He was born in Paris in 1625. As a layman his name was Pierre Guibours. He entered the order of the barefoot Augustinians on March 31 1644, and it was in their monastery (called the Couvent des Petits Pères, near the church of Notre-Dame des Victoires) that he died, on January 17, 1694.
He devoted his entire life to genealogical studies. In 1663 he published Le Palais de l'honneur, which besides giving the genealogy of the houses of Lorraine and Savoy, is a complete treatise on heraldry, and in 1664 Le Palais de la gloire, dealing with the genealogy of various illustrious French and European families. These books made friends for him, the most intimate among whom, Honoré Caille, seigneur du Fourny (1630-1713), persuaded him to publish his Histoire généalogique de la maison royale de France, et des grands officiers de la couronne (1674, 2 vols. 4); after Father Anselme's death, Honoré Caille collected his papers, and brought out a new edition of this highly important work in 1712.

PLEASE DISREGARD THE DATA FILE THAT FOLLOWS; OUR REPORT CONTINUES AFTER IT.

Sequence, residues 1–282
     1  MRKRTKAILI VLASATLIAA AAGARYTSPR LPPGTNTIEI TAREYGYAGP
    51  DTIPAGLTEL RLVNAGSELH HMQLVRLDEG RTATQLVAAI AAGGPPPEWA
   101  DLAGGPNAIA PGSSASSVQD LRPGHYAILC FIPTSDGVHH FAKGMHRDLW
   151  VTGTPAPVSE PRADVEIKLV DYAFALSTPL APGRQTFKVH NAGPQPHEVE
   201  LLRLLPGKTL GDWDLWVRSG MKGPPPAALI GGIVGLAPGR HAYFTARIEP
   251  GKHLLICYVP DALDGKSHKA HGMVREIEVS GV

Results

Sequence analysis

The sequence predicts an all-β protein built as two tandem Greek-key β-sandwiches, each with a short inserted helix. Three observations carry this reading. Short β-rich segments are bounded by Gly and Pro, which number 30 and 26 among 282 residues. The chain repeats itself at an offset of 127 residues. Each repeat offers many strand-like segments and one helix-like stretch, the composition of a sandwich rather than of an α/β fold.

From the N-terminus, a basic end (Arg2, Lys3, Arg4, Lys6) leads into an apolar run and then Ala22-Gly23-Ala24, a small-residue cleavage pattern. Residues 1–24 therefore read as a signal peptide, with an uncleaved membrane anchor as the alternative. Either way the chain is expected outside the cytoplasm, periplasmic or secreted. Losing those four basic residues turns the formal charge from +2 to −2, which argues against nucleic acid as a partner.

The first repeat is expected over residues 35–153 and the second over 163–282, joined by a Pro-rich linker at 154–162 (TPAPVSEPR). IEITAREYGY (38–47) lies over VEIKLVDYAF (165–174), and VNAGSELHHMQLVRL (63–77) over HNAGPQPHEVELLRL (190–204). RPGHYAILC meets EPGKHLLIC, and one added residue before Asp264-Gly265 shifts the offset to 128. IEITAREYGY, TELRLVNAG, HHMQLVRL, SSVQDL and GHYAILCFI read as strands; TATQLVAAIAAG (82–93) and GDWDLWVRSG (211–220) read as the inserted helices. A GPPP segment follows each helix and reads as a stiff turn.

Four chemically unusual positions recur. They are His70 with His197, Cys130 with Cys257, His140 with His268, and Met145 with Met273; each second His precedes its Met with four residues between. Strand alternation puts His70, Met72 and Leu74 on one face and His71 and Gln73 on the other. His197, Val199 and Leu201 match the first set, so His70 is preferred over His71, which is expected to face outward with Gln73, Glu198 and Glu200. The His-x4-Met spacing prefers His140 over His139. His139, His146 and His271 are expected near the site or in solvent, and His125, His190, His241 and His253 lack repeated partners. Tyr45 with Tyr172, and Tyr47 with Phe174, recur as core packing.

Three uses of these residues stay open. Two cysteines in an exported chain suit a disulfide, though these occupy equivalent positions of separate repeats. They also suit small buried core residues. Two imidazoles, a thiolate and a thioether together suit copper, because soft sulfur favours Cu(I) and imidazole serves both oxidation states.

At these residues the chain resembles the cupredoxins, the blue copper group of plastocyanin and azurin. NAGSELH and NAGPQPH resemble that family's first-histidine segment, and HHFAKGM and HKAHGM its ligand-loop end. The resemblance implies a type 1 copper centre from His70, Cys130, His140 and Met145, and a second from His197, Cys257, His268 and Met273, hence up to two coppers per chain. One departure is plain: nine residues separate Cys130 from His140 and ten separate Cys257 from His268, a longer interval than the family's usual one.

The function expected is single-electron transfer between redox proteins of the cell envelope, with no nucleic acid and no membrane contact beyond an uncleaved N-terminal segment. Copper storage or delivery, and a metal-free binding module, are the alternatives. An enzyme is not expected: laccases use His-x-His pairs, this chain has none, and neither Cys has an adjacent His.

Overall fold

The task was taken up and continued by two other friars of the Couvent des Petits Pères, Father Ange de Sainte-Rosalie (François Raffard, 1655-1726), and Father Simplicien (Paul Lucas, 1683-1759), who published the first and second volumes of the third edition in 1726. This edition consists of nine volumes folio; it is a genealogical and chronological history of the royal house of France, of the peers, of the great officers of the crown and of the king's household, and of the ancient barons of the kingdom.
The notes were generally compiled from original documents, references to which are usually given, so that they remain useful to the present day. The work of Father Anselme, his collaborators and successors, is even more important for the history of France than is William Dugdale's Baronage of England for the history of England.